# Fixed-Point Iteration

This module demonstrates fixed-point iteration for finding a fixed
point of a nonlinear function *g*(*x*) in one
dimension. The function is first evaluated at a chosen starting point,
then the function is repeatedly applied to its own output until the
input and output values differ by as little as desired.

The user selects a problem by choosing one of four preset functions
*g*(*x*). The user can also select any desired
starting point *x*. The successive steps of fixed-point iteration
are then carried out sequentially by repeatedly clicking on NEXT or on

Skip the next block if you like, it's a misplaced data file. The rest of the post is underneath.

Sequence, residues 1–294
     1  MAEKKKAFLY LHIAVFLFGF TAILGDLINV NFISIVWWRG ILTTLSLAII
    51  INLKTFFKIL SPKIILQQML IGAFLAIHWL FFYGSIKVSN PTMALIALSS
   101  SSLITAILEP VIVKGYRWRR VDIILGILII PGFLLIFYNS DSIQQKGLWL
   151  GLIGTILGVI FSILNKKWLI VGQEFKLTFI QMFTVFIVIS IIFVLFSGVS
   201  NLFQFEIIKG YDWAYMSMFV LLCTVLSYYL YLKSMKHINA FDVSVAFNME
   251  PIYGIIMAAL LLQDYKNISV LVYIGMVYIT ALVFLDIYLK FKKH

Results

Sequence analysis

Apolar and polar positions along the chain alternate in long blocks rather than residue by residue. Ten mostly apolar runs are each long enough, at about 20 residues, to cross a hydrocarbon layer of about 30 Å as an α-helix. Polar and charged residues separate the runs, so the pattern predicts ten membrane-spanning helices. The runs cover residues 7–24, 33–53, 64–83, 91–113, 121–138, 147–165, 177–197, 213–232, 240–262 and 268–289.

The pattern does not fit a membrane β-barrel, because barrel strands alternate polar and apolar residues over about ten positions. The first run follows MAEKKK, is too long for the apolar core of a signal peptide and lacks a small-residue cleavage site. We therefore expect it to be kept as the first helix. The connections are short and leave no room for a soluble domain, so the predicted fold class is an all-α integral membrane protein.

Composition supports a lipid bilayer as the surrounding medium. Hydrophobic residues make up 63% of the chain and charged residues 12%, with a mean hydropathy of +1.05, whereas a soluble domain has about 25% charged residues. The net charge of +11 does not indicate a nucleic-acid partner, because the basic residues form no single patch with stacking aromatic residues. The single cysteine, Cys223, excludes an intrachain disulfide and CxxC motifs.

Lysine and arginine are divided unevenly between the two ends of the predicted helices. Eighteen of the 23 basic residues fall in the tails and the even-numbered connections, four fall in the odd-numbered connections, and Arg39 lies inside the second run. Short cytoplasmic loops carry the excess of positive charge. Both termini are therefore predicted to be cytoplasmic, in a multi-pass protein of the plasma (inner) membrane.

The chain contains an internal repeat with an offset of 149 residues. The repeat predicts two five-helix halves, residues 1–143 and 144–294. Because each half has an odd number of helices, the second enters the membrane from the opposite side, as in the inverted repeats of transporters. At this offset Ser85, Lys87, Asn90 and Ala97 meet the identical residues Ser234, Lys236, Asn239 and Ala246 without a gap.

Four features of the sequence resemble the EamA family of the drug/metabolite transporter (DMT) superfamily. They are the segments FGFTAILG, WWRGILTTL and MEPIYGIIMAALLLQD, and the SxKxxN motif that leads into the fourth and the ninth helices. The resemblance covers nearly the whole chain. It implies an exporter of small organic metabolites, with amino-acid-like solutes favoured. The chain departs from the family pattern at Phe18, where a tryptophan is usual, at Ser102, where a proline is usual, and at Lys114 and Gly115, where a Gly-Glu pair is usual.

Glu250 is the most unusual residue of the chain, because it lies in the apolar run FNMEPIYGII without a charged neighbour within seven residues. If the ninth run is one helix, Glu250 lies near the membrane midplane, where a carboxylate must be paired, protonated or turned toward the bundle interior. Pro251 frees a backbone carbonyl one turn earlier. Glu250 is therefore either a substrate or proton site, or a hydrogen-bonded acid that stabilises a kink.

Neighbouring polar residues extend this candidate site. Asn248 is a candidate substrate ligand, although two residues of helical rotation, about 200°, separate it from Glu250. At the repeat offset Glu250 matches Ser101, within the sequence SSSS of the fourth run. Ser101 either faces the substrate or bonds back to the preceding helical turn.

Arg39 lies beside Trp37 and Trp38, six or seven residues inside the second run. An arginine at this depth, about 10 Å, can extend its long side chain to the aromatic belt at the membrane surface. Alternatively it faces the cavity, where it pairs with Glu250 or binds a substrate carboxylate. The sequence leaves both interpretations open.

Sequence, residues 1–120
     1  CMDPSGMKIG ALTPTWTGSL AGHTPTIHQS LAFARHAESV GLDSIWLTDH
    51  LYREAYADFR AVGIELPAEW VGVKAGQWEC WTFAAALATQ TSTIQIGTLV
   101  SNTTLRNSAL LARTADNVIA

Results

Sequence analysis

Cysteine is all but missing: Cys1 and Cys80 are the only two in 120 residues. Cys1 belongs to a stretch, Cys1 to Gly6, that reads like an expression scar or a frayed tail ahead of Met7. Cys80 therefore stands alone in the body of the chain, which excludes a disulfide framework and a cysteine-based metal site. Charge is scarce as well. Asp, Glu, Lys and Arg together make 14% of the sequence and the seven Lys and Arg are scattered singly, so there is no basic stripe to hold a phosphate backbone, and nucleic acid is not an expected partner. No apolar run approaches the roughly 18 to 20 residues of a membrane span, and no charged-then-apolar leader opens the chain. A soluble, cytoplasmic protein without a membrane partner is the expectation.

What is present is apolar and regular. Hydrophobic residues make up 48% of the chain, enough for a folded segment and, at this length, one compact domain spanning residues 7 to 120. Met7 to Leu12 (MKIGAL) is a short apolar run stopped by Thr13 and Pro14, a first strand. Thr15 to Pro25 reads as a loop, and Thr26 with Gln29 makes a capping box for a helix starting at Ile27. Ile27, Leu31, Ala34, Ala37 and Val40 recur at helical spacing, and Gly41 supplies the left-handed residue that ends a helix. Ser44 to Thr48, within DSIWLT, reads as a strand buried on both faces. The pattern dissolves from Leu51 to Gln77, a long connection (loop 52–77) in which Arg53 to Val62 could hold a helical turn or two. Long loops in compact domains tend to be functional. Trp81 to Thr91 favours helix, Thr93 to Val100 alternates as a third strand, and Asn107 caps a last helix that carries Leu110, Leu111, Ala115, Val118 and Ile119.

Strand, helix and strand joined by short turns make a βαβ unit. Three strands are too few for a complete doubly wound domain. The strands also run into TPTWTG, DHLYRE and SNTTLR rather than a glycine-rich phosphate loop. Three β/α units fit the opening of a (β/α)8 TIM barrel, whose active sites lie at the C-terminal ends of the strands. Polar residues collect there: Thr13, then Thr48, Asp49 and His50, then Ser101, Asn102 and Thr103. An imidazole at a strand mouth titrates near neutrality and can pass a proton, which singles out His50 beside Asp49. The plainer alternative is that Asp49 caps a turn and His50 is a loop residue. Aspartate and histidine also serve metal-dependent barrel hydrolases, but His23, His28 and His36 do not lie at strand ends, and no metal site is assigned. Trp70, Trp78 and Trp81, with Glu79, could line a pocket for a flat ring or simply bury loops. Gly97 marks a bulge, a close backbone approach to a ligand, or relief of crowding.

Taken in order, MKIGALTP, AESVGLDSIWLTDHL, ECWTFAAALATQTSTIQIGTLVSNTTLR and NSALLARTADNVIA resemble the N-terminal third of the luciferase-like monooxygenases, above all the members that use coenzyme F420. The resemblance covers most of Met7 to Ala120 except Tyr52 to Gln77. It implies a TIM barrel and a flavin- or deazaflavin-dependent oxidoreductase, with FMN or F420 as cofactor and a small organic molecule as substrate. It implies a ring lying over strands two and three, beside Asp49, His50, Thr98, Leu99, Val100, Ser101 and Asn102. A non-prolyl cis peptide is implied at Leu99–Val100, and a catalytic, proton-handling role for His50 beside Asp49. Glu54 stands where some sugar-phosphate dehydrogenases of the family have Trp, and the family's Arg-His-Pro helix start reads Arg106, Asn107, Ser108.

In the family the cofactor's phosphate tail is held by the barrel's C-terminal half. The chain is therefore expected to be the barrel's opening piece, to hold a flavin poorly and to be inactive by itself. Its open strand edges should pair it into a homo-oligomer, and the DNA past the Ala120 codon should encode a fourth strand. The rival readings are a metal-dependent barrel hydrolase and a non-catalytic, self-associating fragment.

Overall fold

the currently highlighted step. The resulting values of *x* and
*g*(*x*) are shown in the plot by bullets and
are also shown numerically in the table below. The iterates may or may
not converge to the fixed point *x* =
*g*(*x*), which is the intersection of the curve
*g*(*x*) and the line *y = x*,
and the convergence may be relatively slow (linear) or fast
(quadratic). The four examples provided, all of which are fixed-point
problems equivalent to the same nonlinear equation
*f*(*x*) = *x*^{2} − *x*
− 2 = 0, demonstrate nonconvergence, monotonic linear
convergence, alternating linear convergence, and quadratic convergence,
respectively.

**Reference:** Michael T. Heath, *Scientific Computing,
An Introductory Survey*, 2nd edition, McGraw-Hill, New York,
2002. See Section 5.5.2, especially Examples 5.8 and 5.9 and Figure
5.5.

**Developers:** Jeffrey Naisbitt and Michael Heath